In another study, 1524 patients received neuraxial anesthesia with no epidural hematomas noted. The authors, however, estimated the upper limits of the 95% CI for the risk of spinal epidural hematoma stratified by platelet count.

  • 70K to 100K  ....0.2% risk
  • 50K to 69K   ....3% risk
  • <50K        .........11%
Unfortunately, it is not clear exactly how to use this information in clinical practice except to say that it appears risk is relatively low when platelets are above 70K.  

Thromboelastography (TEG) or rotational thromboelastometry (ROTEM) have been studied as it relates to neuraxial anesthesia with thrombocytopenia. These studies were able to show no spinal epidural hematomas in patients with thrombocytopenia AND normal parameters on the TEG or ROTEM. However, other studies in oncologic patients with thrombocytopenia have reported no correlation between TEG and ROTEM parameters and clinical bleeding unless platelet levels were below 50,000 x 10^6/L.

The platelet function analyzer (PFA)-100 test platelet function. Time to platelet plug formation is measured and labeled closure time (CT). An abnormal CT may be found in patients with counts <100,000 x 10^6/L, anemia, or significant qualitative platelet defects. However, at the end of the day, the consensus statement from the Society for Obstetric Anesthesia and Perinatology Interdisciplinary Consensus statement on Neuraxial Procedures in Obstetric Patients with thrombocytopenia can not recommend any of the above tests to determine the safety of neuraxial anesthesia.

Platelet transfusion:
A 1 unit apheresis transfusion is expected to raise the platelet count between 30,000 to 50,000 x 10^6/L, although the end result is often variable depending on the disease in question.  In particular, in HELLP or pre eclampsia, the end result may be much less than what was expected after transfusion.   In ITP, transfusion of platelets alone is likely ineffective and requires concomitant treatment with IVIG and/or corticosteroid therapy. It should be noted that platelet transfusions in platelet consumption disease such as ITP is short lived.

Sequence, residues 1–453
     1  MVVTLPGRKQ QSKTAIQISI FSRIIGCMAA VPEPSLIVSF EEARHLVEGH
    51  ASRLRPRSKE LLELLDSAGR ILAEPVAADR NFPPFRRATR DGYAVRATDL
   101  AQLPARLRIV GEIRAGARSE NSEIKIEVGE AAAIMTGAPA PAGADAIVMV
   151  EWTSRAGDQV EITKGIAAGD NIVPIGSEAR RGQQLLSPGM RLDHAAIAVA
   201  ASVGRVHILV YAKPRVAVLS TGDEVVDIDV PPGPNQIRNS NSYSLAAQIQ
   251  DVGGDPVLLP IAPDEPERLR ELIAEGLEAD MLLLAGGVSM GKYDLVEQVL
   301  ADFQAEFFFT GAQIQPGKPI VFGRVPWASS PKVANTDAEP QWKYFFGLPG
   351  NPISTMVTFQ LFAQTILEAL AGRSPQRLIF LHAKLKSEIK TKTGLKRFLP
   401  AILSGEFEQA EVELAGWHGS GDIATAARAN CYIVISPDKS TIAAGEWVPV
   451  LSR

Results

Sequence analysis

It is currently recommended [1] that the anesthesiologist confronting a parturient with thrombocytopenia should determine whether the patient has a known etiology for the thrombocytopenia.  In addition, it is critical to determine if there is a history of easy or prolonged bleeding with the thrombocytopenia.  In particular, the clinician should be confident that the etiology of the thrombocytopenia is not related to DIC or other highly morbid and evolving conditions.  If it is suspected or confirmed that this is a case of gestational, autoimmune (idiopathic) thrombocytopenia or related to confirmed diagnosis of hypertensive disorder of pregnancy, then verifying that a recent platelet count is above 70,000 x 10^6/L would allow the clinician to have a rather high confidence that neuraxial anesthesia is safe.  With a platelet count between 50K and 70K, a more careful cost benefit analysis should be carried out.  If the platelet count if less than 50K, the guidelines recommend avoiding neuraxial anesthesia.

The SOAP guidelines can be summarized in this algorithm which I found very helpful.

1. The Society for Obstetric Anesthesia and Perinatology Interdisciplinary Consensus Statement on Neuraxial Procedures in Obstetric Patients With Thrombocytopenia. A&A N. 132 2021 Pg 1531.